What would you call someone who dislikes, say, the taste of chocolate? They have a non-preference for it.

'-phobe' doesn't seem to fit as it implies they want it to suffer or be destroyed, or they are frightened of it.

'antiphile' isn't a word and neither is 'contraphile'.

The closest similar question I've found was 'the opposite of -phile'.

EDIT: As mentioned by @ermanen there is a very similar question: Is there a suffix for loathing?

I was not necessarily after a suffix and was looking for an 'identity' term. EG: A person who dislikes the taste of chocolate and is quite secure in and not embarrassed by it. This person does not bear ill will to those that do like the taste of chocolate.

  • Hater of the taste of chocolate.
    – Drew
    Nov 5 '15 at 22:46

'Chocolate averse' or 'Chocolate-averse' might be candidates.

An example from 'The Local Fr' website (http://www.thelocal.fr/20110829/986):

Oscar Franco and colleagues from the University of Cambridge reviewed half a dozen studies covering 100,000 patients, with and without heart disease, comparing the group that consumed the most and the least chocolate in each.

They found that the highest level of chocolate intake was associated with a 37 percent reduction in cardiovascular disease, and a 20 percent drop in strokes, when compared with the chocolate-averse cohort.

No significant reduction was reported in the incidence of heart attack.

The original article from Oscar Franco is published and available on the British Medical Journal online site: http://www.bmj.com/content/343/bmj.d4488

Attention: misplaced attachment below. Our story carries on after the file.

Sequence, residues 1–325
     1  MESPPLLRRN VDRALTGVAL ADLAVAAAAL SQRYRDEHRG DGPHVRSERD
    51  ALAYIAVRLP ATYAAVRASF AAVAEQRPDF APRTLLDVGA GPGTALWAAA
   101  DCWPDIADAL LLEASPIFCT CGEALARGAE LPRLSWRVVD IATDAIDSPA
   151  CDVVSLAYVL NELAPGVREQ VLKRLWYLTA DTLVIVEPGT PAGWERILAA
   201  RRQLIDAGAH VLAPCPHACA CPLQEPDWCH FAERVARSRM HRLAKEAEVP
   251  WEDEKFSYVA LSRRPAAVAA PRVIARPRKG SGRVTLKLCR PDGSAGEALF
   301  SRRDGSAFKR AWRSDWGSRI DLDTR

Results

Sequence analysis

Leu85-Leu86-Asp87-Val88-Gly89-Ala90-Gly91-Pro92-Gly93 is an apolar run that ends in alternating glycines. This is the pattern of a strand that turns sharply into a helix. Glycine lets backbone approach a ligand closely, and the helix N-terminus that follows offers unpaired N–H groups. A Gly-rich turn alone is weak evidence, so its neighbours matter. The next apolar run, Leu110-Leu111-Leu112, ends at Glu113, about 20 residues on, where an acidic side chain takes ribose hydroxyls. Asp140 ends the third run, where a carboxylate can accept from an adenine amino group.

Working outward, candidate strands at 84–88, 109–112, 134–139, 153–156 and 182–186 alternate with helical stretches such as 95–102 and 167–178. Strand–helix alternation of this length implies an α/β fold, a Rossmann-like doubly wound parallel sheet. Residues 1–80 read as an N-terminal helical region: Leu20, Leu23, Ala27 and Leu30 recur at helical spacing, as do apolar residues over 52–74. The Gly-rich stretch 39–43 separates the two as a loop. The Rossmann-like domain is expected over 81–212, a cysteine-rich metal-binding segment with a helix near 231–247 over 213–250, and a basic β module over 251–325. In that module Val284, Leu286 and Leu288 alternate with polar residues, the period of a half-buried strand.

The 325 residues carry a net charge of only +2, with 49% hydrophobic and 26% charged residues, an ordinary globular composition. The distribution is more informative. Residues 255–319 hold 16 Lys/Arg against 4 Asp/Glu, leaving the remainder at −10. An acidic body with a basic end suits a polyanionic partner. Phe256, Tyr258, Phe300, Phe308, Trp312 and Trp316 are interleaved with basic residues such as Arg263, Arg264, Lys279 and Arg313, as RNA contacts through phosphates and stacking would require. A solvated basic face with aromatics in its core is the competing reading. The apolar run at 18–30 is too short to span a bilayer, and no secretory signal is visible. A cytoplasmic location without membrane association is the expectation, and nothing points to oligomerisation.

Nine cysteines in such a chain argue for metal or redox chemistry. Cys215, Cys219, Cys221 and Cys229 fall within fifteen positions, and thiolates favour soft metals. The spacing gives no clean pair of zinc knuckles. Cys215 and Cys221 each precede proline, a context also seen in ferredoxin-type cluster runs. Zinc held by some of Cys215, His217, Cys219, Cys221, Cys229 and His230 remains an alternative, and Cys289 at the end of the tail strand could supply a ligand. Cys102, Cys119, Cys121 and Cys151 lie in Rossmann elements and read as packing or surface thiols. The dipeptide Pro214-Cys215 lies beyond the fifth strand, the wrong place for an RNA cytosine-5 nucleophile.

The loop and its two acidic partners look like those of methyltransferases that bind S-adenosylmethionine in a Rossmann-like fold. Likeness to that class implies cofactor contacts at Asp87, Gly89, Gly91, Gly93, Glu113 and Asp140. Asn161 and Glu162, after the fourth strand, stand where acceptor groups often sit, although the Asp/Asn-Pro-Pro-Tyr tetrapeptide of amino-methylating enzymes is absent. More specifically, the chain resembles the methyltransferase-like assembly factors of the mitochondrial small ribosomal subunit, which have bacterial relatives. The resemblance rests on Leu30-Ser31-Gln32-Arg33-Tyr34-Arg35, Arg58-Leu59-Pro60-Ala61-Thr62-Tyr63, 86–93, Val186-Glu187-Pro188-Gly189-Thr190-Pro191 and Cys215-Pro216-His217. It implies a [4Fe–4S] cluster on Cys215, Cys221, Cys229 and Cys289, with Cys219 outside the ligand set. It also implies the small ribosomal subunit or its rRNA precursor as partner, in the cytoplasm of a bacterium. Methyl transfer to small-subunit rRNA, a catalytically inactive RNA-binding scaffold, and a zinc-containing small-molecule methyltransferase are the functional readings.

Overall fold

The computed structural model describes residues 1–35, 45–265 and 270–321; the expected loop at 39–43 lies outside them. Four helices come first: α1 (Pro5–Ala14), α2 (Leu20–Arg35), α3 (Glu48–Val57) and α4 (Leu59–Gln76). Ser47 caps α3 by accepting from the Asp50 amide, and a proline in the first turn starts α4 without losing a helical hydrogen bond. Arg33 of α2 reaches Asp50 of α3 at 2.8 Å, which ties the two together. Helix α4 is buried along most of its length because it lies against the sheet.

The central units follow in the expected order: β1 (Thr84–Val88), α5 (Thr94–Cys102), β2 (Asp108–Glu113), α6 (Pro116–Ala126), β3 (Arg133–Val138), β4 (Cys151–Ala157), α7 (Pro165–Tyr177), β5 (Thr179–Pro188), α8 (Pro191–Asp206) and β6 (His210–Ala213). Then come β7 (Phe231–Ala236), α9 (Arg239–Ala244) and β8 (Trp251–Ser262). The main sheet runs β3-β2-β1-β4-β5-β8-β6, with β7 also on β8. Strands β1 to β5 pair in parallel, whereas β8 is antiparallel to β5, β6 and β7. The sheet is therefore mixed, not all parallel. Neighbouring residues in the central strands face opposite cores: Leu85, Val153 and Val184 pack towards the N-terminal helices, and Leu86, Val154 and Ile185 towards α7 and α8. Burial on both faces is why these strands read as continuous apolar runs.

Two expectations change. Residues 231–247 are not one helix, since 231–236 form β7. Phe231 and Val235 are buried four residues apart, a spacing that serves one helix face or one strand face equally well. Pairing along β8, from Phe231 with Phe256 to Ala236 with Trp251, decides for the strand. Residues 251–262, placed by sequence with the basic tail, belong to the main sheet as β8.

The modifier '-averse' is perhaps most commonly seen in the combination 'risk-averse', and in associated business jargon word combinations such as 'Loss averse' and 'Change averse'.

Averse is an old word, from the Latin 'to turn away', and not to be confused with 'adverse'. From the Oxford English Dictionary:

averse ▪ I.averse, a. and n.
Also 7 avers.
[ad. L. āversus, pa. pple. of āvertĕre to avert. Cf. OF. avers, in which L. āversus and adversus seem to have combined.]
A. adj.
1. Turned away, averted; turned in the backward or reverse direction. Obs.
1682 Sir T. Browne Chr. Mor. 90 Two faces averse, and conjoined Janus-like. 1697 Dryden Virgil (1806) III. 274 The tracks averse a lying notice gave. 1703 Rowe Fair Penit. i. i. 109 With looks averse and Eyes that froze me.

4 Turned away in mind or feeling; actuated by repugnance; habitually opposed, disinclined.
1597 Daniel Civ. Wares i. xxvi, And of a spirit averse, and overthwart. 1671 Milton Samson 1461 Some much averse I found and wondrous harsh. 1744 Harris Three Treat. iii. ii. (1765) 233 That Law..which leads the Willing, and compels the Averse.

c. with inf. Disinclined, unwilling, reluctant.
1646 Sir T. Browne Pseud. Ep. iv. viii. 198 We are not averse to acknowledge, that some may distill..into the winde-pipe. 1777 Watson Philip II (1793) II. xii. 83 Averse at this time to declare herself openly. 1864 R. Burton Dahome 8 Even the grass is, from idless, averse to wave.

The combination '-averse' appears to be a modern construction:

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From Google's Ngram tool (http://preview.tinyurl.com/qz95r6u). Noting that Ngrams consider paired words such as 'risk averse' equivalent to hyphenated words such as 'risk-averse'.


About Dutch-process cocoa, Sara Perry writes, "Advocates say the chocolate flavor is more well-rounded; detractors call it dull."


As suggested in comments, hater might work in informal contexts.

Statistically speaking, the number of people who love chocolate appears to dwarf that of those who hate it. However, chocolate haters exist, and the problems they face in this chocolate-crazed world are very real.


Another example could be milk hater, a term well-understood by moms:

The Perfect Milk for your Milk Hater in the house


Solutions for Milk Haters


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